I posted on FT Alphaville, during their excellent Markets Live ( a must read for any traders surely), on Friday of my investment in a company call African Copper.

Now I had done this on the basis that the company had seen off a bid and so in the background this suggested that it must have some re-financing arranged. As I said in this post last week, I have been looking to invest in companies that are about to announce a refinance.

Beyond my wildest imagination though something happened yesterday, the company announced a large investment which will secure the financing for the foreseeable and actually allow the company to mine.

The net result, I bought at 4p on Friday and have just sold at 12p on Tuesday morning. My best ever trade by some distance. Lots of luck for a change!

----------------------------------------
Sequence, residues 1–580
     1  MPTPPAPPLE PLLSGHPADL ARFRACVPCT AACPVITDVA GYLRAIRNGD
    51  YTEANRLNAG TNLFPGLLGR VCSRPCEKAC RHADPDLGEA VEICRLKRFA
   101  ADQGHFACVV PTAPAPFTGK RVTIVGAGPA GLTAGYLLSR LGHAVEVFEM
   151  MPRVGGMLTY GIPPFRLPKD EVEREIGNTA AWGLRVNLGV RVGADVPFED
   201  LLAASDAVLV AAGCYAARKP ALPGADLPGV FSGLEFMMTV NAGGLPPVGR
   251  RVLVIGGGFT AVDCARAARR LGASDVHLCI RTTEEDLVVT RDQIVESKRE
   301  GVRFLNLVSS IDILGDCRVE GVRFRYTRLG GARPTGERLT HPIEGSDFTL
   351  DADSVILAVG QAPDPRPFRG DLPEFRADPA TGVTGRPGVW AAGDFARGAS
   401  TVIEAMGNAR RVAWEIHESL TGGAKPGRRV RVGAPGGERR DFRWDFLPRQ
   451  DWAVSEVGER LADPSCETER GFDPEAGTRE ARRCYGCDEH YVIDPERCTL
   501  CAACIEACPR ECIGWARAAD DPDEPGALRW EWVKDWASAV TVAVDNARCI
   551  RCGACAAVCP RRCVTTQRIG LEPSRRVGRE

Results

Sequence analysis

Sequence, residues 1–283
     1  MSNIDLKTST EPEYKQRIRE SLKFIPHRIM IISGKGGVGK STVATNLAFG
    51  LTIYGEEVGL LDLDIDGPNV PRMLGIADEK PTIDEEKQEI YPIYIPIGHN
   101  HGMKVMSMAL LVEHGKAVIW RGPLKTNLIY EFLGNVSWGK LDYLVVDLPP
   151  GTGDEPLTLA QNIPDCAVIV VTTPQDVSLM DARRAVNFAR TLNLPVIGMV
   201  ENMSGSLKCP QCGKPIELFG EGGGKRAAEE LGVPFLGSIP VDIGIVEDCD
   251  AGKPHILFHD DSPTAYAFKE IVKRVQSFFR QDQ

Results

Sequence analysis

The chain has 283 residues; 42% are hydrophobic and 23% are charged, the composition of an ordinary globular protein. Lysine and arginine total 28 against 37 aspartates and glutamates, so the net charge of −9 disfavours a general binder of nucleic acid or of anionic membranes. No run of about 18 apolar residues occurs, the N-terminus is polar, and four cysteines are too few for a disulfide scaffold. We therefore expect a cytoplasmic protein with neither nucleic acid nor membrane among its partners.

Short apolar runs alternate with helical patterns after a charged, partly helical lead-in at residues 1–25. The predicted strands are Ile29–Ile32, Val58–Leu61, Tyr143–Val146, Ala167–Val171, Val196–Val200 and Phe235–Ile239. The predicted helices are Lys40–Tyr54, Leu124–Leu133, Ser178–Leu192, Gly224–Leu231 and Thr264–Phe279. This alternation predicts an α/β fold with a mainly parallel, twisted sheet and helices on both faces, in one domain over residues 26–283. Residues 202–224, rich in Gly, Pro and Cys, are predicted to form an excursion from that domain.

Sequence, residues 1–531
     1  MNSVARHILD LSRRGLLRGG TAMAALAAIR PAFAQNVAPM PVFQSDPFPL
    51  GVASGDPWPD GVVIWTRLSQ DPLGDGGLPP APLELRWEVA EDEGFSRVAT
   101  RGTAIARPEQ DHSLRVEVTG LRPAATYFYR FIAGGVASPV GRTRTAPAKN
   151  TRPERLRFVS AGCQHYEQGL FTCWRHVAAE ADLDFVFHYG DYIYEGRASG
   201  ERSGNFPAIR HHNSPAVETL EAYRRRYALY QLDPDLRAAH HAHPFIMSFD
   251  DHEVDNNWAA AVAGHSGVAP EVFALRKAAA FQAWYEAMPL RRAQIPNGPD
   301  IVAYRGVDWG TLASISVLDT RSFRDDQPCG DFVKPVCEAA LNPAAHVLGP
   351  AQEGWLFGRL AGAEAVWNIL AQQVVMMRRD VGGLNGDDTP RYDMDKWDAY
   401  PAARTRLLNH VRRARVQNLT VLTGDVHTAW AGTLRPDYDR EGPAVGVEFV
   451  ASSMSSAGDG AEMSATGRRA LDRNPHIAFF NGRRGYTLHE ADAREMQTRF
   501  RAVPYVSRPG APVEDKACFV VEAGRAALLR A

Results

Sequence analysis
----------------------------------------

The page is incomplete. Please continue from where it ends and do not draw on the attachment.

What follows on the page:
Now to look for some more companies about to announce refinancing....

Monday, 11 May 2009

The apology bandwagon


In light of the recent outcry surrounding the Telegraph's unwarranted publication of MP's expense claims, I have been asked by my parliamentary colleagues to join the Prime Minister and the Shadow Prime Minister, and the other fellow in apologising for the recent scandal..

We are very sorry.

Very sorry that the gravy train has temporarily hit the buffers. We are sorry we have been found out, despite our best efforts at maintaining secrecy. We are very sorry that the security arrangements for keeping expenses from undesirable elements was not adequate.

We apologise for not being able to tippex and indelible marker pen away the names and addresses of MPs quickly enough before the claims were published.
The house is extremely regretful of ever having been stupid enough to have voted into law the freedom of information act, that was clearly meant to be in relation to corporations, and not parliamentarians. This inexplicable lapse of sound secretive judgment cannot be excused.
We are very contrite at having failed to prevent publication using tried and tested methods.